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In Ezekiel 8:14 the prophet is taken up in a vision, and shown women who "Weep for Tummuz." The passage does not explain what that means, although these women are engaged in some form of idolatry. My Bible footnotes tells me it is a "fertility god." I understand this passage is in context with Israel's idolatry, but what are they specifically engaged in when they are "Weeping for Tummuz"?

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This is a good question. The information available is very complex, so I have gleaned the most relevent information to answer the question. To begin, @lasersauce made the correct observation that

He [Tammuz] appears to have been a god of the spring, and the myth regarding him told of his early death and of the descent of Istar, his bride, into the underworld in search of him.

In this regard, Becking and Dijkistra (1996) provide important historical details. That is, there are similarities with the death of the Canaanite God Baal and Tammuz written in the In the Ras Shamra texts. In one of the studies the writer observes that

The mourning for Baal as a vegetation deity in eclipse suggests the weeping for Tammuz, also a vegetation deity, by the woman of Jerusalem in the sixth month (Ezek 8:14) and, more directly, the public mourning for Hadad-Rimmon (the Canaanite Baal) in the valley of Megiddo (Zech 12:11). (1).

Additional sources are here, as well as this post.

In summary, the sources indicate several parallels between Tammuz and the Canaanite god Baal.

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Thank you for your energetic search! I can see that there are numerous complications in examining this passage-but the common theme appears to be a fertility/spring ritual cult, a vestige of the Caananite festivals. – Tau Jul 3 '14 at 3:11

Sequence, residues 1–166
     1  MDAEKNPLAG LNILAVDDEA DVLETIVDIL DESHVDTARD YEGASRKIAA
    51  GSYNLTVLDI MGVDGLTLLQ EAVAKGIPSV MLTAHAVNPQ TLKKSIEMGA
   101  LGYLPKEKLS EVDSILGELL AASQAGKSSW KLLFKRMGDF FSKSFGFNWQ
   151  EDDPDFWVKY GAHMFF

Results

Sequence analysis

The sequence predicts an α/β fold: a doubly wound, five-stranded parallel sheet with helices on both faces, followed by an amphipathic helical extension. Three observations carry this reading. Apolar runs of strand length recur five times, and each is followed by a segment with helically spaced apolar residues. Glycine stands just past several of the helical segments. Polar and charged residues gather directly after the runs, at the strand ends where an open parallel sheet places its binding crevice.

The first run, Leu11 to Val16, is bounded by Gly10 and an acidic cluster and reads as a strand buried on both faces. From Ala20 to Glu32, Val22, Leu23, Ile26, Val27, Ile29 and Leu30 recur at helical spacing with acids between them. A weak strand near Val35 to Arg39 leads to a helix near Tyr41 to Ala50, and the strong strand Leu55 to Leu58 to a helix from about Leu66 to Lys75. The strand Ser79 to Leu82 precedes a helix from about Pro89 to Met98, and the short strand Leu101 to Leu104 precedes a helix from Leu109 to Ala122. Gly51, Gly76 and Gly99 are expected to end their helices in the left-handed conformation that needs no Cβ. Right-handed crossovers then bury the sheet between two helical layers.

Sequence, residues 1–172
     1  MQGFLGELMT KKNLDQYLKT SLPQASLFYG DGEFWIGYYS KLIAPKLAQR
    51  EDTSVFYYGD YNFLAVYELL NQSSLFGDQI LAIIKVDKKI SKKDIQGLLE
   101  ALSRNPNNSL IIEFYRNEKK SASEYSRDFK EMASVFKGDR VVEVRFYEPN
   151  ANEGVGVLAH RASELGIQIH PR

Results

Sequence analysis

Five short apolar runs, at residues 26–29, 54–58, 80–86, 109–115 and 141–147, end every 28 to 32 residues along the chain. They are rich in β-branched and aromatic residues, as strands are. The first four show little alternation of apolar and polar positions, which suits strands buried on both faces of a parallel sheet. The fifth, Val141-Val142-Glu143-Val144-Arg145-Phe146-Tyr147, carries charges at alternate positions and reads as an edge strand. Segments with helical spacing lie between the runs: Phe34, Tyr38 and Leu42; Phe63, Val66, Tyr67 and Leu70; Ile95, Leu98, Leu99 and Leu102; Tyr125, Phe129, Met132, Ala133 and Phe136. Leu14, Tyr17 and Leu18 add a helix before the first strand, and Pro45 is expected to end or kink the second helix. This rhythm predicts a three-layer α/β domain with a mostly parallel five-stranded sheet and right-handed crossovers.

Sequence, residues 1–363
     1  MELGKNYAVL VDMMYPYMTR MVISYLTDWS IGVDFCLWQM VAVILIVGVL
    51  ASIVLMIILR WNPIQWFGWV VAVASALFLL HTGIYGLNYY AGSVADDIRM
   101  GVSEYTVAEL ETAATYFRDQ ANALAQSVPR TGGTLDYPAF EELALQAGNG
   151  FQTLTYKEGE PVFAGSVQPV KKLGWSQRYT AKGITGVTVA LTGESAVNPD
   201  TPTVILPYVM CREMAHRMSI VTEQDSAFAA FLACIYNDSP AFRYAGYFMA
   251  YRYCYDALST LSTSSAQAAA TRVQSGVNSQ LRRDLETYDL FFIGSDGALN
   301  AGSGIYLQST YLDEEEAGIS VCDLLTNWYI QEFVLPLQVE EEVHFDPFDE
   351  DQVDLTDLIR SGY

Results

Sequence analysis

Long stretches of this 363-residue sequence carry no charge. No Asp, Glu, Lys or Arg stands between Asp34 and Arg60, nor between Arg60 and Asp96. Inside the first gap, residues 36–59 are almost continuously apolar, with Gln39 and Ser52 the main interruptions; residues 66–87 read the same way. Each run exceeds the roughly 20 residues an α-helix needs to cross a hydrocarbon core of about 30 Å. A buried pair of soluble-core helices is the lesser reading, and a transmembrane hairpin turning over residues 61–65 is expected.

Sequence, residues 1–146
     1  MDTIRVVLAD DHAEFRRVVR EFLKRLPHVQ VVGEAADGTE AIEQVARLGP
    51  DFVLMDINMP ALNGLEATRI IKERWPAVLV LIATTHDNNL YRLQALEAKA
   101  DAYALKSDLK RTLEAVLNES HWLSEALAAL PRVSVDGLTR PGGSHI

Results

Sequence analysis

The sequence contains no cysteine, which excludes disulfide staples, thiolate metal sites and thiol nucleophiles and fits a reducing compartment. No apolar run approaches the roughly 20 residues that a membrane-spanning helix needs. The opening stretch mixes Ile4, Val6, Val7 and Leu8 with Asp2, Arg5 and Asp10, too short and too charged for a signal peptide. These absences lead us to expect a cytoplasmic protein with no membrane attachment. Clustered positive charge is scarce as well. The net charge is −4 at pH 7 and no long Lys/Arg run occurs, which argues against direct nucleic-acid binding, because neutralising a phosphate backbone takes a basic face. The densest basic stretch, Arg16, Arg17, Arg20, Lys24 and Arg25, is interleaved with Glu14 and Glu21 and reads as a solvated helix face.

According to J. R. Dummelow, Tammuz was “a deity worshipped both in Babylonia and in Phoenicia—the same as the Greek Adonis. He appears to have been a god of the spring, and the myth regarding him told of his early death and of the descent of Istar his bride into the underworld in search of him. The death of Tammuz symbolised the destruction of the spring vegetation by the heat of summer, and it was celebrated annually by seven days of women’s mourning in the 4th month (June–July), which was called Tammuz. This superstition had been introduced into Jerusalem.” (A Commentary on the Holy Bible, pp. 497–98.)[1]

Additional source, covering most of the same information, but more recently printed, although not as plainly laid out. [2]

[1] [2]

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Dummelow’s book was published in 1909, when the study of ancient Babylonia was still in its infancy. In the mean while an enormous number of texts from Babylonia have been excavated and lots of good studies of Babylonian religion in general and Tammuz in particular are available, in real books, and even on the internet. What is actually the point of pasting something from an out-of-date book from 1909? – fdb Jul 2 '14 at 21:20
I wouldn't say it's fair to exclude sources based on their antiquity (esp. in dealing with ancient scripture) but I didn't find any contradictory information, so went with the source I felt covered it well and in brevity. – lasersauce Jul 2 '14 at 23:58
@lasersauce Thank you for your contribution. I was searching for some thread that would 'link' the different scenes that Ezekiel saw in this chapter. – Tau Jul 3 '14 at 3:14

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